Reading Harold Schönberg’s The Lives of the Great Composers — a classic and a must-read for classical music fans — I’ve encountered some commentary on musical nationalism in the 19th century that puzzles me at bit. He opens his chapter “Russian Nationalism and the Mighty Five” by asserting that Brahms and Wagner and the rest of the great German and Austrian musicians of the 1800’s weren’t nationalist composers. “Rich countries with satisfied citizens do not normally produce nationalistic music, which in a way is a kind of propaganda — a musical call to arms.” But then he echoes Aaron Copland’s idea that you don’t have to try to compose nationalistic music: if you are a composer and an American, for example, then like it or not you will compose American music. “True nationalists do not have to quote [folk music] directly,” Schönberg says. “They are so impregnated by the melos that all of their music evokes, as a specific response, the music of their homeland.”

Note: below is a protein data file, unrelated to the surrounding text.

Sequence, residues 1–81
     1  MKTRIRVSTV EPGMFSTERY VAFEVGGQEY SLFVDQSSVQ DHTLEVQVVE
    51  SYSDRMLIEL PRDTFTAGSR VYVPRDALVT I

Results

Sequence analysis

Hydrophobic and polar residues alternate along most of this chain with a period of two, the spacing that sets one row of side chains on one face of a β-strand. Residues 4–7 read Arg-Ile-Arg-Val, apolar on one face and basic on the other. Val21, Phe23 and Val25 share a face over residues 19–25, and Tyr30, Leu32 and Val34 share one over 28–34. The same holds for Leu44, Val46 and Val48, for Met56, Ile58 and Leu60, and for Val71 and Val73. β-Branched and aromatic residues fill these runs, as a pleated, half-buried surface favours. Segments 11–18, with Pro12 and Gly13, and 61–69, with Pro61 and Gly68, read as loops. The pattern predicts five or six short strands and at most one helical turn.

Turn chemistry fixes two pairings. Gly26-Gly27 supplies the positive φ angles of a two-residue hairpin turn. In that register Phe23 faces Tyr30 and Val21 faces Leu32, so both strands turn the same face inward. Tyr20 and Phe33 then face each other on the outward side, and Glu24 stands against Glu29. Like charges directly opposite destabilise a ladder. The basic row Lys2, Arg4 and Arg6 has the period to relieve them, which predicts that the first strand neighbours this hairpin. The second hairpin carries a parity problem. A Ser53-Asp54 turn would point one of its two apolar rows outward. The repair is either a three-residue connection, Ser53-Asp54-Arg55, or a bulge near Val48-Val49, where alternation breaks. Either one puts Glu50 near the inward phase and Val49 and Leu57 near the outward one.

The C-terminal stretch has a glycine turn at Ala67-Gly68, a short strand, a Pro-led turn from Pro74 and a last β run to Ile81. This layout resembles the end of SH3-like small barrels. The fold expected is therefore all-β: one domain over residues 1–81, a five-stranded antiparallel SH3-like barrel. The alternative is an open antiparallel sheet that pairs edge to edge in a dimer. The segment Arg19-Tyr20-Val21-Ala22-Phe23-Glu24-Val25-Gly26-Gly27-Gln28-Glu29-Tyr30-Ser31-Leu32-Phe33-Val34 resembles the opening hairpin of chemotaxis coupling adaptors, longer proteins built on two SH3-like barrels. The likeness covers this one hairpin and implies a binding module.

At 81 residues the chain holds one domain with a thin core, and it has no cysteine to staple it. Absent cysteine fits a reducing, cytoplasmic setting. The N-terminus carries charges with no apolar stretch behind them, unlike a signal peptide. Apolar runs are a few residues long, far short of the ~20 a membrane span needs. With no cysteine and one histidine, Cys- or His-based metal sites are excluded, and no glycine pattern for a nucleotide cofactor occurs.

Is Schönberg is contradicting himself? It seems to me that if a composer does not have to try to evoke the folk music of his culture — if he will tend to do so whether he likes it or not, spontaneously and instinctively — then it would have happened with Brahms and Wagner just the same as with Glinka and Mussorgsky. Weren’t Brahms and Wagner just as “impregnated by the melos” of their homelands as any other composer? Wasn’t the High Classical symphony of Haydn and Mozart a nationalistic expression of Viennese culture, from the aristocratic perspective that was the zeitgeist of those times? And if nationalistic music is “a kind of propaganda,” it seems difficult to avoid identifying German and Austrian classical music as nationalistic in light of Germany’s use of it as a call to arms during its militaristic era, from the later 1800’s through the world wars.
I have to say I’m uncomfortable with Schönberg’s implication that German classical musicians were artists capable of rising above narrow-minded provincial sensibilities and working on a higher plane, entirely in the abstract, whereas Russian, Eastern European, and Spanish composers could do no better than to transcribe and write variations on the folk music they grew up with.
Nationalism was a major element of all Western cultures through the 19th century, Germany and Austria included.